The government launched the language proficiency assessment for teachers in 2000, as part of its efforts to raise language standards. But since 2001, when the first tests were held, pass rates have been embarrassingly low, at less than 50 per cent.
This year's results, released earlier this month, reveal that 450 of the 895 teachers who joined the profession after 2001 failed to pass the test within the two-year time limit. More than half of these are English teachers.
Longer-serving teachers also fared badly, with more than half of the 1,400 failing this year. They have until 2005 to pass.
In one school as many as nine English teachers failed and can no longer teach the subject.
From next year, all new teachers will have to pass the test before they start teaching, though those who major in the language at undergraduate level and have postgraduate teacher training are exempt.
The high failure rate has prompted soul-searching about declining English standards in the former British colony and the nature of the test. There are also fears that there will be a shortage of language teachers as a result.
Sixty-five per cent of the English teachers who started teaching in 2001 and took the test this year had not been subject or professionally trained, according to the Hong Kong institute of education, which has since phased out its sub-degree certificate in education programmes.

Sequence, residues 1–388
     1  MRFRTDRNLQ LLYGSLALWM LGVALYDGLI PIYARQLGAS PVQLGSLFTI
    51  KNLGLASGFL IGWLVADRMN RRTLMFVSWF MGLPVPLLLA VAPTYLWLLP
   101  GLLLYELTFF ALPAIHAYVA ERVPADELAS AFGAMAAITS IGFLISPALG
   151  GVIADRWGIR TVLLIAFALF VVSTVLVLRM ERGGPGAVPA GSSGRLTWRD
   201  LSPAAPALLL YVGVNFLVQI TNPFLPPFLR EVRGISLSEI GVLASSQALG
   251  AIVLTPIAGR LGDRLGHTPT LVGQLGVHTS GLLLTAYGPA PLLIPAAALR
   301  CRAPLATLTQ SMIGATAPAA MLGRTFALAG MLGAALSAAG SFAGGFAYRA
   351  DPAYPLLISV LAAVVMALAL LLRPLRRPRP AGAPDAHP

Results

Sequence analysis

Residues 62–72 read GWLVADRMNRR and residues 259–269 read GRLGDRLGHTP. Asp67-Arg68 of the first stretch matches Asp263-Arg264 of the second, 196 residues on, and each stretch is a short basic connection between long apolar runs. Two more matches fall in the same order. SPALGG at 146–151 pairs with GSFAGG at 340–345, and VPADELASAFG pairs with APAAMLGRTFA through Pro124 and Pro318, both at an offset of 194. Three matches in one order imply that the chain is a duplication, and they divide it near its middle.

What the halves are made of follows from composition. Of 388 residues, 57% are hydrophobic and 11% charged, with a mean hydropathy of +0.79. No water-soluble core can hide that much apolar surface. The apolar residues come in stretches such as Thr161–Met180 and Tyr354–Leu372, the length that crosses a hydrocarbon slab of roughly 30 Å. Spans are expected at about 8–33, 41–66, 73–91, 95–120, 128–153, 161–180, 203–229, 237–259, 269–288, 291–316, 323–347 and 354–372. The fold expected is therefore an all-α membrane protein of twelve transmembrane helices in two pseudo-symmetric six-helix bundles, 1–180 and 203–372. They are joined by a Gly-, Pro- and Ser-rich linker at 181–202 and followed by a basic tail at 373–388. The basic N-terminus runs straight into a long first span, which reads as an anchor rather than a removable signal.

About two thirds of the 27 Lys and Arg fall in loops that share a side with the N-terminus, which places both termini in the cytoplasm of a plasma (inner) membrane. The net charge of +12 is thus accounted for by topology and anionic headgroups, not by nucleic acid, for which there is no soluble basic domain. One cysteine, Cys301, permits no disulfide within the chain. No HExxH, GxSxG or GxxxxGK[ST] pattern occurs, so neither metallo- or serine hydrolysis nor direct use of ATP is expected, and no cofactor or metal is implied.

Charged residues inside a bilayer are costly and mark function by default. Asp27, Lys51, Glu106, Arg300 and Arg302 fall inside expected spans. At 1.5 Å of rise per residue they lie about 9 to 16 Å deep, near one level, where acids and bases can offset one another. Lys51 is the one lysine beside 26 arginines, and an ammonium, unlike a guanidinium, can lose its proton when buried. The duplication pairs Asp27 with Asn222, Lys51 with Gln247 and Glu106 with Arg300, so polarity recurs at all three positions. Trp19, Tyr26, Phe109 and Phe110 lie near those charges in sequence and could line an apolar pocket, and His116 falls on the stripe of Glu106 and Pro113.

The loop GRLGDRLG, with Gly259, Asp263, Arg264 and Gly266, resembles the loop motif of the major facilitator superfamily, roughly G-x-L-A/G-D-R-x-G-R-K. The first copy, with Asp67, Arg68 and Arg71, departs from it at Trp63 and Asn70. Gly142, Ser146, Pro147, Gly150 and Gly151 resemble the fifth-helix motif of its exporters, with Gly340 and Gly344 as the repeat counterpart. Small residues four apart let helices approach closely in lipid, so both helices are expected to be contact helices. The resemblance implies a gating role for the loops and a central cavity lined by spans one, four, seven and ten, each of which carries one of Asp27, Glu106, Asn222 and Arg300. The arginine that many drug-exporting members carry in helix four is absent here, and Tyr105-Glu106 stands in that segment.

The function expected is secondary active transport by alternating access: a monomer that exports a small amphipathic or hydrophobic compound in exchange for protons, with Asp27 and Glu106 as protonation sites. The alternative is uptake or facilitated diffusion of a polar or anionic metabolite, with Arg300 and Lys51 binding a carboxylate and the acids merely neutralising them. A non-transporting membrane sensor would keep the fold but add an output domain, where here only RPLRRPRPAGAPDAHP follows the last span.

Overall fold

Professor Paul Morris, its president, said these teachers included the last cohort admitted after only completing Form Five of school and had not been given enough time to upgrade their English skills.
"You have got to see them as victims of changing policy. They are teachers who didn't claim to be able to teach English but were required to do so by their schools. It is the fault of the system to allow teachers to teach with no expertise in the language," he said.
He called for the government to increase the number of language places at universities.
The test covers reading, writing, listening, oral and classroom language and teachers must pass all papers.
Cheung Man-kwong, president of the Professional Teachers' Union, complained it was too hard. "Teachers said some of the papers were at degree level, but they are only teachers who graduated with certificates," he said.